they are consociating
Present Perfect
I have consociated
you have consociated
he/she/it has consociated
we have consociated
you have consociated
they have consociated
Past Continuous
I was consociating
you were consociating
he/she/it was consociating
we were consociating
you were consociating
they were consociating
Past Perfect
I had consociated
you had consociated
he/she/it had consociated
we had consociated
you had consociated
they had consociated
I will consociate
you will consociate
he/she/it will consociate
we will consociate
you will consociate
they will consociate
Future Perfect
I will have consociated
you will have consociated
he/she/it will have consociated
we will have consociated
you will have consociated
they will have consociated
Future Continuous
I will be consociating
you will be consociating
he/she/it will be consociating
we will be consociating
you will be consociating
they will be consociating
Present Perfect Continuous
I have been consociating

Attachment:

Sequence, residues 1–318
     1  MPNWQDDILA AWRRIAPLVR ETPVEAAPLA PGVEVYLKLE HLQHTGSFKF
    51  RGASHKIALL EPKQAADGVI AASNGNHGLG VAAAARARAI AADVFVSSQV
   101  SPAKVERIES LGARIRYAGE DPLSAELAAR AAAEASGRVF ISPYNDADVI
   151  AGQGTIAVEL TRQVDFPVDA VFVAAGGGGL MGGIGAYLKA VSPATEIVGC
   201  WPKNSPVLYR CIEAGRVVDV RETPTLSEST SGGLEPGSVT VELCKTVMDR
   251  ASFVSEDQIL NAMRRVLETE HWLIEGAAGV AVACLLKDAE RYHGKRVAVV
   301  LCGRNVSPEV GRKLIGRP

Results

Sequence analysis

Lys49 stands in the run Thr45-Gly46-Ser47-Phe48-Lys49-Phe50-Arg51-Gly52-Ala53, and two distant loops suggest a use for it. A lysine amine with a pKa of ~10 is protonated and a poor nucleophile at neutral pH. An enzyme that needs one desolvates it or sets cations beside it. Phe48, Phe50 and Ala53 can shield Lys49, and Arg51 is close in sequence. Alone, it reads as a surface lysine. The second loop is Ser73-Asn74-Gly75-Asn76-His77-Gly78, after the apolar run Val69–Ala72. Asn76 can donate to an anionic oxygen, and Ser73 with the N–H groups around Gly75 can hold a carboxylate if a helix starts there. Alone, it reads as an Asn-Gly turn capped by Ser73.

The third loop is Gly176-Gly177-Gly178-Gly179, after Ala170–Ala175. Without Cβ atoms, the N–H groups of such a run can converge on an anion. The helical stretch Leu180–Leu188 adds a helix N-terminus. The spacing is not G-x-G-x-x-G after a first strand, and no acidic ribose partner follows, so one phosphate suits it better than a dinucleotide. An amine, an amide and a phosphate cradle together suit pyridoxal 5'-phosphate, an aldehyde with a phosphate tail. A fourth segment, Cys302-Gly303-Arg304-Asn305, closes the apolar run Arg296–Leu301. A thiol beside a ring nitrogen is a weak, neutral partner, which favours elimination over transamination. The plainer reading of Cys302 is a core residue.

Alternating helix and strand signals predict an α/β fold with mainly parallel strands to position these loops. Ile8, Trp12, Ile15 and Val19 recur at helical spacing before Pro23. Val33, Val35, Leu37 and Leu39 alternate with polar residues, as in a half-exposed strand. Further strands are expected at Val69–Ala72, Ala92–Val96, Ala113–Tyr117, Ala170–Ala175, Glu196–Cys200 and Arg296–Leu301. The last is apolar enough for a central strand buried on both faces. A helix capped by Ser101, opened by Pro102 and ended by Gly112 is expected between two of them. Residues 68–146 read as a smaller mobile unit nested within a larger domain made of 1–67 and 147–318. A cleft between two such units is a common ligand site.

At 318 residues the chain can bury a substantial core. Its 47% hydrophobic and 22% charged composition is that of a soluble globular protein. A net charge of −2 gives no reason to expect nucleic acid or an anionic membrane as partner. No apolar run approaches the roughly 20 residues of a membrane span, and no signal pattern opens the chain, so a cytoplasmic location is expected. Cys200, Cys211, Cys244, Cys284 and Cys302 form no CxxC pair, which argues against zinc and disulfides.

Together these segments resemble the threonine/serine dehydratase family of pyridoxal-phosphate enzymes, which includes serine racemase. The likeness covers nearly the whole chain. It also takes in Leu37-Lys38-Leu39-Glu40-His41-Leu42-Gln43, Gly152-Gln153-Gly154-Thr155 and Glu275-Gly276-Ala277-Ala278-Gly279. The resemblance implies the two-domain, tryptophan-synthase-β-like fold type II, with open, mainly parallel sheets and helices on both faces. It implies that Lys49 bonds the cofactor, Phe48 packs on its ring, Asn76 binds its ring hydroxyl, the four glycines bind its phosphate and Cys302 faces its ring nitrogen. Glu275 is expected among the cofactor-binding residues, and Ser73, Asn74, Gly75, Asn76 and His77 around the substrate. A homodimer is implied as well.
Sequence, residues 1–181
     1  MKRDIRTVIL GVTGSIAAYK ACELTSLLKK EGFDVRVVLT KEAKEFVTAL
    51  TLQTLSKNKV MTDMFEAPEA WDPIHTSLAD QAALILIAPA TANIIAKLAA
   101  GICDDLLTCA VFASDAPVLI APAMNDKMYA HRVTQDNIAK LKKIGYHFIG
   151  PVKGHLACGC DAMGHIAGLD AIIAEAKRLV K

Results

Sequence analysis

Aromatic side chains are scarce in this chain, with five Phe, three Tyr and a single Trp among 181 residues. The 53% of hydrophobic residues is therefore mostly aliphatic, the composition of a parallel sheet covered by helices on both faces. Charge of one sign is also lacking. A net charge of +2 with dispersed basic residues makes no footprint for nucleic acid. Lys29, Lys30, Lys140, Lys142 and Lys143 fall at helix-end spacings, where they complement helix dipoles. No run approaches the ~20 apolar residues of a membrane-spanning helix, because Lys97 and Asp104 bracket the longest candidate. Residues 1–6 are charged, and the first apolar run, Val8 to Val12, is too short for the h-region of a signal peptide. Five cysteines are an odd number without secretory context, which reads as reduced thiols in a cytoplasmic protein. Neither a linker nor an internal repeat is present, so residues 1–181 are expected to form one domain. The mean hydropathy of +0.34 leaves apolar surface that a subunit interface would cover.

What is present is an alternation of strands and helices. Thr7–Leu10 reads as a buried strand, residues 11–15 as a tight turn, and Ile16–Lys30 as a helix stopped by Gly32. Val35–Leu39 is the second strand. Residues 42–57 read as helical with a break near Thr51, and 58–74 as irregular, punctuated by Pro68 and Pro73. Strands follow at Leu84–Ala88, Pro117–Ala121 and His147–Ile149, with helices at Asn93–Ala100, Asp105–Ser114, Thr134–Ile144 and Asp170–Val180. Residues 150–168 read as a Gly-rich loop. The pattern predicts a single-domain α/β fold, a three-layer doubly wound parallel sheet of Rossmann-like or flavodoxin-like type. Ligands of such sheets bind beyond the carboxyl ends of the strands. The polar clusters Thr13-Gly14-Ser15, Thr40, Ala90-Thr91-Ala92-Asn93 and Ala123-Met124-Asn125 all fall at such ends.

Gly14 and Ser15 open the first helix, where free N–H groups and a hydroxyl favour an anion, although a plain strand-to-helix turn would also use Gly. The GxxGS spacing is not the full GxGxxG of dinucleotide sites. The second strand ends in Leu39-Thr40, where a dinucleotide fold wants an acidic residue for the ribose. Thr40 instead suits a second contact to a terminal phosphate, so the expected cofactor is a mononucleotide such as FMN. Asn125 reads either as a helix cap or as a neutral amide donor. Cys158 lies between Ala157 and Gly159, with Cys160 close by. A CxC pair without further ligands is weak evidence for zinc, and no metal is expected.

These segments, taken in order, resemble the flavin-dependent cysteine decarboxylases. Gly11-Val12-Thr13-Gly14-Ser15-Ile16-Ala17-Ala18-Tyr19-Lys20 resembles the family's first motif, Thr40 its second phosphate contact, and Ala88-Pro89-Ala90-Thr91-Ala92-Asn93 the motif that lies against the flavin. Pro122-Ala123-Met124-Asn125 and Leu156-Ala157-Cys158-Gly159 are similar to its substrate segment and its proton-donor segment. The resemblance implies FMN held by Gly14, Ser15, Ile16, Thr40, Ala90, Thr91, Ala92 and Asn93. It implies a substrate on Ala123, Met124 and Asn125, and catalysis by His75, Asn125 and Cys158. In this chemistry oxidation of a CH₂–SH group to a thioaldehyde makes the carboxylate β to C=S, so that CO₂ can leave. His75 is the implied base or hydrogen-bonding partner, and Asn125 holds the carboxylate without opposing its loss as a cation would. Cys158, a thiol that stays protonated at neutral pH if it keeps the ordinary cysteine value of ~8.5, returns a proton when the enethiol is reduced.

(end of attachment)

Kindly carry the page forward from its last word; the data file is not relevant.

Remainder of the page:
you have been consociating
he/she/it has been consociating
we have been consociating
you have been consociating
they have been consociating
Future Perfect Continuous
I will have been consociating
you will have been consociating
he/she/it will have been consociating
we will have been consociating
you will have been consociating
they will have been consociating
Past Perfect Continuous
I had been consociating
you had been consociating
he/she/it had been consociating
we had been consociating
you had been consociating
they had been consociating
I would consociate
you would consociate
he/she/it would consociate
we would consociate
you would consociate
they would consociate
Past Conditional
I would have consociated
you would have consociated
he/she/it would have consociated
we would have consociated
you would have consociated
they would have consociated
Collins English Verb Tables © HarperCollins Publishers 2011
ThesaurusAntonymsRelated WordsSynonymsLegend:
Verb1.consociate - bring or come into association or actionconsociate - bring or come into association or action; "The churches consociated to fight their dissolution"
unite, unify - act in concert or unite in a common purpose or belief
walk - be or act in association with; "We must walk with our dispossessed brothers and sisters"; "Walk with God"
Based on WordNet 3.0, Farlex clipart collection. © 2003-2012 Princeton University, Farlex Inc.
References in periodicals archive ?
A manner to grasp individuals' utilization of Facebook is to regard it as an undertaking abounding in feelings of indecision: recurrently an individual's needs to belong, consociate, etc.